Film & Television

“And the Oscar Goes to . . .This Year’s Oscars”

Throughout the evening, montages of past category winners and classic film clips were an entertaining reminder of why we love movies. It was a brilliant move, highlighting all that’s good about an industry that has been rightfully called to task for abhorrent and seemingly systemic behavior. In a similar move, some of Hollywood’s grandest dames were on hand, including Rita Morena (stunning in the very dress she wore when she won her Oscar in 1962 — go ahead, do the math), and Eva Marie Saint who honored her late husband and the masters (and mistresses) she worked with 60 years ago. She gently reminded the audience that she’s older than Oscar.

Of course, in between the moving speeches, clever comedy and rousing musical numbers, there were the awards themselves. Virtually every major winner was the odds-on favorite (although in most cases, the runners up were equally worthy). Best Supporting Actor went to Sam Rockwell for Three Billboards Outside Ebbing, Missouri; Supporting Actress to the spectacular Allison Janney for I, Tonya; Best Director to Guillermo Del Toro for The Shape of Water; and Best Actor to Gary Oldham for The Darkest Hour.

Best Actress winner Frances McDormand was her usual larger than life — and anything but conventional — self as she took the stage for Best Actress in Three Billboards. She brought the crowd to its feet, quite literally, as she urged every woman nominated in any category to stand. “Look around, ladies and gentlemen,” she practically crowed, “Because we all have stories to tell and projects we need financed. Don’t talk to us about it at the parties tonight. Invite us into your office in a couple days, or you can come to ours—whichever suits you best—and we’ll tell you all about them.” She finished her speech, “I have two words to leave you with tonight, ladies and gentlemen: inclusion rider.”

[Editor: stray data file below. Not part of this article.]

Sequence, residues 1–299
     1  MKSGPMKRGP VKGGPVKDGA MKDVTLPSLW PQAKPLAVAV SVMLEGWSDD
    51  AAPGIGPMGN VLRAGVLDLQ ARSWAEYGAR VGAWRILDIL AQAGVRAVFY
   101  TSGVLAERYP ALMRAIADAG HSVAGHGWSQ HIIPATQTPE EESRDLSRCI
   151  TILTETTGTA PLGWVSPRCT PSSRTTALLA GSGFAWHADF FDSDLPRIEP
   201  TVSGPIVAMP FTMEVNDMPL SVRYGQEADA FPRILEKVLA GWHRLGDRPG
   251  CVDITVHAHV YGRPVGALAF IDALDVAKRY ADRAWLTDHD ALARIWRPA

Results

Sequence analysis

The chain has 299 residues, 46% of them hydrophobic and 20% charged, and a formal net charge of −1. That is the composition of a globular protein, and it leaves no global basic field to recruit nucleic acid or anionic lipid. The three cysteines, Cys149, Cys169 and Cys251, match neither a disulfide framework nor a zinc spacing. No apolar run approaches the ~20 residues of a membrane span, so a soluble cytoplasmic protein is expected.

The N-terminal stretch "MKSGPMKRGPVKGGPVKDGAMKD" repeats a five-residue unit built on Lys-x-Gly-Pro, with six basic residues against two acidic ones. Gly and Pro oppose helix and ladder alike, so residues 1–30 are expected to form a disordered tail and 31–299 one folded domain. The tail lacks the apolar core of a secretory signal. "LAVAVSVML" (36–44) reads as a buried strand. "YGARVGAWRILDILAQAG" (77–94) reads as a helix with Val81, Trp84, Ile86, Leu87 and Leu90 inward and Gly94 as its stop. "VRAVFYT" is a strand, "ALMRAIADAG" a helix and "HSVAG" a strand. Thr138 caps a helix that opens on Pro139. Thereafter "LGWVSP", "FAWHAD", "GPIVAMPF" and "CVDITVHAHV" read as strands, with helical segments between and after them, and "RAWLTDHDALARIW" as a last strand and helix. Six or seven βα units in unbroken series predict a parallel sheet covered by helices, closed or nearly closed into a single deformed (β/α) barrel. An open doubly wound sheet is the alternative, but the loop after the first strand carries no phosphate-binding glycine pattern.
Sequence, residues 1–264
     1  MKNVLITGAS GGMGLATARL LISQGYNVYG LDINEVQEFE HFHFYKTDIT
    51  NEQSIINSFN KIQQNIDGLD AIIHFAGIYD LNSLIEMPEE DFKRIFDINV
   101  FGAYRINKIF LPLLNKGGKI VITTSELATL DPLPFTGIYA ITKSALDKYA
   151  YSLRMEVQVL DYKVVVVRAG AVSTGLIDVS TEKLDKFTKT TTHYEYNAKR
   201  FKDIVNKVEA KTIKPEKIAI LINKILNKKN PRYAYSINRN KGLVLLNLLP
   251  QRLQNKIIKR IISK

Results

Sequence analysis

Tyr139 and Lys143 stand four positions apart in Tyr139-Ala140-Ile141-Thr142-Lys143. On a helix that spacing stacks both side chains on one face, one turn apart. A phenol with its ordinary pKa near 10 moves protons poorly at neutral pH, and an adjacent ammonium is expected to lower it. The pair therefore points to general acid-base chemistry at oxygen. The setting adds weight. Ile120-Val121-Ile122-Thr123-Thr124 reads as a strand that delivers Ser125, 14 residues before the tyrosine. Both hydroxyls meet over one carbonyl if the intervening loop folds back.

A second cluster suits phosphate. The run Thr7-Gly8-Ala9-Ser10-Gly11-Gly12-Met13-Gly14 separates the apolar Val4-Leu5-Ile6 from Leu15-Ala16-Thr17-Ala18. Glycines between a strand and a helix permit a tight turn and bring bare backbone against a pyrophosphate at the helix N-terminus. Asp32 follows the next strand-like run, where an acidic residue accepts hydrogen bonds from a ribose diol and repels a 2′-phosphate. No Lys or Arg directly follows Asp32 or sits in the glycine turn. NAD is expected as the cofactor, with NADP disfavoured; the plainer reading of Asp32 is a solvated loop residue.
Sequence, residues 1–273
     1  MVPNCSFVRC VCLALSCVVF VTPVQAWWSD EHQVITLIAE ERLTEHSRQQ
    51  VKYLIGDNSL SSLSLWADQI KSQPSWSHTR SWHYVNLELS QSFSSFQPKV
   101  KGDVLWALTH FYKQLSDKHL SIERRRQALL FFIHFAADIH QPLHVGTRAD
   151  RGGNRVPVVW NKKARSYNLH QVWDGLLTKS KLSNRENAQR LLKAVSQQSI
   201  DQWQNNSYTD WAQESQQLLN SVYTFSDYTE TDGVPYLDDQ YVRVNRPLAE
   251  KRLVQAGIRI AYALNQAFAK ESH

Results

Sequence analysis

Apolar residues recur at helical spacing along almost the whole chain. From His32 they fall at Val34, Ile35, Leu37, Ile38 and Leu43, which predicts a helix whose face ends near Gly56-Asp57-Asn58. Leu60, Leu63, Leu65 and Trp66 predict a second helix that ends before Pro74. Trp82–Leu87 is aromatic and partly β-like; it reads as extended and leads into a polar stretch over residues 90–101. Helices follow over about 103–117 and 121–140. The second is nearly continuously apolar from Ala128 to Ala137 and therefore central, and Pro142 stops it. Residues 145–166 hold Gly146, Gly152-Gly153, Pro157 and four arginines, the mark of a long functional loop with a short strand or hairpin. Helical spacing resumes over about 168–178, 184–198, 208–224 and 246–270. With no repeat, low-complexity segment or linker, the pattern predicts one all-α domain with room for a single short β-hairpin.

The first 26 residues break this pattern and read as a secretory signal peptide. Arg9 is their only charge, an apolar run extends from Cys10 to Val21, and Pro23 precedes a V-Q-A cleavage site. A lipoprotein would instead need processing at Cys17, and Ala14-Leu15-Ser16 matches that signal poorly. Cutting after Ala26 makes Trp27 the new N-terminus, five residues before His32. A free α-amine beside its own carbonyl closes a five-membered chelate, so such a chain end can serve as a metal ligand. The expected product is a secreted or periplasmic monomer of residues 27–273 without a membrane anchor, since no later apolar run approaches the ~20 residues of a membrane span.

Those with smart phones handy soon learned that an inclusion rider is an equity clause for contracts that insures diversity on film sets. (Hallelujah! And it’s about time.)

The Academy graciously gave veteran presenters Faye Dunaway and Warren Beatty a “do over.” With the correct envelope in hand this time, and good humor all around, they announced the final and most prestigious award for Best Picture. It was Del Toro’s Shape of Water, which one can only assume beat Three Billboards by a nose.

Then again, as Kimmell noted at the beginning of the broadcast, “We will always remember this year as the year men screwed up so badly, women started dating fish.” So perhaps the win was inevitable.

Technically, the Oscars can’t win an Oscar. But, maybe they can get an Emmy. This year, Hollywood’s salute to its own achievements made for excellent television indeed. May the progress continue.

Join the conversation

This site uses Akismet to reduce spam. Learn how your comment data is processed.

  • Cheryl March 6, 2018 at 9:35 am

    I have always liked to watch the Oscars, for what it was was designed to be: entertainment, beautiful gowns… and most importantly- the best in acting. What it is has turned out to be is: political theatre, hence the lowest drop in viewing apparently since 1976 news sources report. If acting, sports, and the like would stay with what they do best, and leave their politics at the door, more viewers would enjoy it again…

    Reply
  • Cheryl March 6, 2018 at 9:34 am

    I have always liked to watch the Oscars, for what it was was designed to be: entertainment, beautiful gowns… and most importantly- the best in acting. What it is has turned out to be is: political theatre, hence the lowest drop in viewing apparently since 1976 news sources report. If acting, sports, and the like would stay with what they do best, and leave their politics at the door, more viewers would enjoy it again…

    Reply
    • Pam Woodson March 6, 2018 at 10:00 am

      The Oscars are a different movie every year, view it as a movie you wouldn’t recommend, for many of us it’s the movie we’ve been waiting to see!

      Reply